Here in the past month I have not been able to spend as much time on the water as I would like. Between work and bad weather, my fishing days have been very limited and, quite honestly, it’s driving me crazy. I have been filling my spare time with all things fishing-related; tying flies, watching videos of people fishing exotic locations and, most recently, reading a new book. Recommended by a buddy, I started The River Why, a coming-of-age story about a kid who was raised in the Pacific northwest by a father who is a renowned fly fisherman. So far it is a great book and if you’re looking for a good read, I would highly recommend it.
Leading up to this article, I was not completely sure what I was going to write about; lack of being on the water sometimes puts me in a slump. On top of that, and everything that has gone on with the freeze and the weather, I didn’t seem to have a lot of motivation. Procrastinating as always, I picked up my book and a few pages in I read something that I truly believe could not have come along at a better time.
Gus, the main character of the story, one day asked his father why he never kept fish. His answer was simple… “A dead fish will never strike a fly.” By releasing his catches back to the river, and encouraging others to do likewise, Gus’s father was doing his part to enhance the fishery and the sport of angling.
Often times when I am away from what I’m truly passionate about I reminisce days when fishing seemed almost unreal, memories I will cherish until my dying day. Days of 100+ fish and having been fortunate to catch trophy-size trout on Sabine. Yet in the grand scheme of things, my stories cannot even begin to compare with those of prior generations. One of my favorite things is talking to the older crowd and listening to their long-ago tales of fishing the Gulf coast.
One of the wildest stories I’ve ever heard comes from a buddy’s dad who recalled fishing with his grandpa and uncles on the beach at Bolivar. They dragged a seine net through the surf and pulled in well over 100 trout. He remembers shrimp, crabs and other fish mixed in the net, but the number of trout was astonishing. Vividly remembering one instance and recalling that his grandpa had a baby scale along and eyeballing what he thought was the largest trout – found it to weigh more than 13 pounds. A trout that size nowadays is hard to even imagine!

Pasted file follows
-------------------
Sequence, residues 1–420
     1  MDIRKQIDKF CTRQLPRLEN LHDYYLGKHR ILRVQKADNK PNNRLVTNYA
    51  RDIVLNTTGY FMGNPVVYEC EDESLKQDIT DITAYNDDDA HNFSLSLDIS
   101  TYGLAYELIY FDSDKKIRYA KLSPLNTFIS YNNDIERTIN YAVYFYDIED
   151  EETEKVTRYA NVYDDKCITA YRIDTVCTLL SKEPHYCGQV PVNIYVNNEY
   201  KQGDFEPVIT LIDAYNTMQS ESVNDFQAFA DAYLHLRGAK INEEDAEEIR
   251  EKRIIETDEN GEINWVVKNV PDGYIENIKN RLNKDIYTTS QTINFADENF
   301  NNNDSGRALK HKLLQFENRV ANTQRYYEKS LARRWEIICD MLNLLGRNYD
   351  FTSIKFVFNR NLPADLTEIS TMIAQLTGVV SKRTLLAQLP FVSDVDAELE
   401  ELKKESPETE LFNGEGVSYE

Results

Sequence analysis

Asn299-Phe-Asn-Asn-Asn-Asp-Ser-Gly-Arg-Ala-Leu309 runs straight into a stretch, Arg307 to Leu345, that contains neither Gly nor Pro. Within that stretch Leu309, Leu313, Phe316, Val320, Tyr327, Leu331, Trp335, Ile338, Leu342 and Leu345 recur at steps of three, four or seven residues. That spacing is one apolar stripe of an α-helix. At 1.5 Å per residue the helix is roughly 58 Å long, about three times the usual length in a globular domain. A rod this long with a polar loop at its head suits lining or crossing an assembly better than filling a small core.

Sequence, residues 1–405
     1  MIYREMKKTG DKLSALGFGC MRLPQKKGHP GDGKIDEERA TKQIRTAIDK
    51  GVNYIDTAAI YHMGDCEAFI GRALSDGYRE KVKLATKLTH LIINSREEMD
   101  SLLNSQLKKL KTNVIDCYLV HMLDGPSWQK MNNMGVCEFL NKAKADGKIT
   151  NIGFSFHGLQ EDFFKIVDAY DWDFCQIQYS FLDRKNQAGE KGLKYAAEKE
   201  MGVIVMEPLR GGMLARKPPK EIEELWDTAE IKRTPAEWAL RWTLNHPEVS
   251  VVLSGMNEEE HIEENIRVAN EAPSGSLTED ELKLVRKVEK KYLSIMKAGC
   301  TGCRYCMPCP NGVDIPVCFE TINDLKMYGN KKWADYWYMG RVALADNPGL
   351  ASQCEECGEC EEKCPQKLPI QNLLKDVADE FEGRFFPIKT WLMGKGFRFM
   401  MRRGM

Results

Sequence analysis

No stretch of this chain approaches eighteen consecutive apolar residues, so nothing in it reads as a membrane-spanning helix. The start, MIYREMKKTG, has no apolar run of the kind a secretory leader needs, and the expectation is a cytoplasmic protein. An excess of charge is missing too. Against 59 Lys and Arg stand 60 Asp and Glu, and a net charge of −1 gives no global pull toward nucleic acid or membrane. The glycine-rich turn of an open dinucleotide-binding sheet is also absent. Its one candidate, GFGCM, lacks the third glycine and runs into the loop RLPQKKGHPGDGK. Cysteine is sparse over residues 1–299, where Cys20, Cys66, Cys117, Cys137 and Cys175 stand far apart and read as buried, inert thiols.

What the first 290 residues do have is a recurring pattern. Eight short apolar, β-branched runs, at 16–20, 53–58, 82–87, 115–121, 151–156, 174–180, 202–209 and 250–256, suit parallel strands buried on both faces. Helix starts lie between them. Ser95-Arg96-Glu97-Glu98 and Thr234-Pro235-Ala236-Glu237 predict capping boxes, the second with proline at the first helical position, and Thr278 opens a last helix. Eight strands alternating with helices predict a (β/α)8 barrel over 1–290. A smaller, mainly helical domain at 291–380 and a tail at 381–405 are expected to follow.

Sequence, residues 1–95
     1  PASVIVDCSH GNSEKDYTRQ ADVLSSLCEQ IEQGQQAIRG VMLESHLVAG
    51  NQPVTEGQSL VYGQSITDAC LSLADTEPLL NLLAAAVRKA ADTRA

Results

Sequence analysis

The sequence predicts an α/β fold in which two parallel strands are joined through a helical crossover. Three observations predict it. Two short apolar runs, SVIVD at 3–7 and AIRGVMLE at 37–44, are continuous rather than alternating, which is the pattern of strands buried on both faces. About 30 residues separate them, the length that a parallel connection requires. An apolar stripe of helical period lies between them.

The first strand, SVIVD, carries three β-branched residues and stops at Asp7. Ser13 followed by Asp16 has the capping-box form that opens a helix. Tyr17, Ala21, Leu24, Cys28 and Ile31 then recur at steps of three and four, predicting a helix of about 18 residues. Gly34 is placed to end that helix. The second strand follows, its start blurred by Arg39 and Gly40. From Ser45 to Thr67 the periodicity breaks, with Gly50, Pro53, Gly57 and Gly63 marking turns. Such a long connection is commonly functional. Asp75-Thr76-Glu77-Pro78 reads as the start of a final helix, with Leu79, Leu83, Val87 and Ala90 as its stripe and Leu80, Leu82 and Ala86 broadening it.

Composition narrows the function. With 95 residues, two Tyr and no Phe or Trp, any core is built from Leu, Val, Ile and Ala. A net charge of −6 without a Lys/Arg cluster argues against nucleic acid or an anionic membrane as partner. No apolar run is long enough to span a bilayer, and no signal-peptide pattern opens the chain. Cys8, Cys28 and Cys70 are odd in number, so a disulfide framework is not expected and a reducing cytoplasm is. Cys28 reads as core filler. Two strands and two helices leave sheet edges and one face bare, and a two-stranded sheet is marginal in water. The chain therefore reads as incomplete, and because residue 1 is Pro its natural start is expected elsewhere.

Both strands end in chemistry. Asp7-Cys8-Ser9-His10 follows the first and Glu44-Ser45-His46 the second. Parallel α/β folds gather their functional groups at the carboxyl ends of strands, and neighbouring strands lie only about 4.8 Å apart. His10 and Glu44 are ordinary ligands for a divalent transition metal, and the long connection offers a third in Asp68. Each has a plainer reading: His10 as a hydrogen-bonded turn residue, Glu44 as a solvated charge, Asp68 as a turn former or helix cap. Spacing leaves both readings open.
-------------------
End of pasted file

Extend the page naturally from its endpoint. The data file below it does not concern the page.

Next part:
Last spring, I decided to get out of town for a few days and made a trip to Delacroix, Louisiana. This is one of my favorite places to fish in the world and I have never had a dull moment in that marsh. It is without a doubt the richest and healthiest ecosystem I have ever seen. Well, while fishing down there, I started talking to a few locals with hopes to locate a few soft shell crabs to bring home for supper. I found the right people and they invited me to their house to pick them up. Arriving at their place, I could not help but start a conversation with the older couple. Both of them were well up in their 70s and I can almost guarantee that they get around better than I do!
Thomas Gonzales is a third generation fisherman and has lived his whole life at Delacroix. The only thing he has ever known is fishing. He began to explain how bountiful the fisheries were growing up in this part of Louisiana. He pointed to the marsh on the other side of the levee (which seemed to be about 2000 acres) and said that it use to be nothing but giant oak and cypress trees. Much has changed since then, there is only a small patch of oaks standing there today. He told me that during the winter, he and his brothers would go duck hunting. In a morning, they would load a truck bed full of mallards and drive them to New Orleans, where they sold them for a penny each to make extra money. He also told me of a time when he netted 5,000 pounds of redfish, returned to the dock to unload, and then went back out and did it again…all before his wife had lunch ready. These were just a few of the stories he had and I could have spent hours listening to him and his wife.
One of the more exceptional books I have had the joy of reading is Plugger. These are real accounts from one of the men who pioneered fishing with artificial lures on the Texas coast. This book is filled with story after story of Rudy Grigar catching hundreds of fish a day. These are instances that most of us can’t even begin to comprehend and he was doing it on a regular basis. I know that there are or were many other great anglers such as Joe Doggett, Billy Sandifer, and several others, that could tell stories for days about how the fishing use to be.
How it USED to be!
In their eyes, I know they have seen the decline in our fisheries and they know that it will never be back to what it once was. It may be great now, in our eyes, but it is not the same. I have seen a decline in my lifetime due to destruction of habitat and freak weather events but, with proper care and good conservation it will bounce back. I can only hope it will come back as strong as it once was.
When it comes to our fishery, my one true fear is that 40 years from now I’ll be telling my grandkids and their friends about some of the unreal days of fishing I experienced in my youth. Day’s like I mentioned above will likely never happen again. I can only hope that when I tell the stories that someone much younger than me can relate with a personal story of their own.As Gus’s father was trying to explain, it is our duty as anglers to pass on the art of fishing. With proper care and the right attitude towards conservation, we can sustain our fisheries for years to come. If we don’t show respect for it now, from this point forward, everything will just be stories from yesterdays past.
Dave Roberts’ Shallow Water Redfish – Awesome Sight-Fishing Opportunities